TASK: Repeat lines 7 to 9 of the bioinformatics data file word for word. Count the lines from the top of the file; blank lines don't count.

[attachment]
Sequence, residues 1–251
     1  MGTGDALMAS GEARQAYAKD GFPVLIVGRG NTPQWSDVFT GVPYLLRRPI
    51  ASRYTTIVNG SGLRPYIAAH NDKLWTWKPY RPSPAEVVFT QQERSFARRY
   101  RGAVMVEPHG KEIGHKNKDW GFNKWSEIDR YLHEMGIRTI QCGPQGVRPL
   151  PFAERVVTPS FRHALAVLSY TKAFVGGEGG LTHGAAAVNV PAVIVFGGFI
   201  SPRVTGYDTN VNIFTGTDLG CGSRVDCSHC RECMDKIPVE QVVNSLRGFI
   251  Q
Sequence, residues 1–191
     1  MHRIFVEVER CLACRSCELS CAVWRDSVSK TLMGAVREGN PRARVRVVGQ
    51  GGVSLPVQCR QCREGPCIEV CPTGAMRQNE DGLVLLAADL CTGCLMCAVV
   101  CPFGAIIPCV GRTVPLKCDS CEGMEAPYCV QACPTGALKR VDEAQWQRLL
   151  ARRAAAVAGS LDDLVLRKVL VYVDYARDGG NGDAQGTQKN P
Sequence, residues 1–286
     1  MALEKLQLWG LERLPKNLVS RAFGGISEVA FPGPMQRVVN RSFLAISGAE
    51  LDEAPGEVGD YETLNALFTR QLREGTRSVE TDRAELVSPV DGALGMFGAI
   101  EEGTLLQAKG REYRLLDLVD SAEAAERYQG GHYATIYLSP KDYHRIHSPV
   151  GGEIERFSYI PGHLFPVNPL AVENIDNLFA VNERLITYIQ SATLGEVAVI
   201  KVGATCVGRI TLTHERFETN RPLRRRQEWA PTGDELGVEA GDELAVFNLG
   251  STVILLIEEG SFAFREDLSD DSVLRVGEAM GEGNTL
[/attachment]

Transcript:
   251  Q
Sequence, residues 1–191
     1  MHRIFVEVER CLACRSCELS CAVWRDSVSK TLMGAVREGN PRARVRVVGQ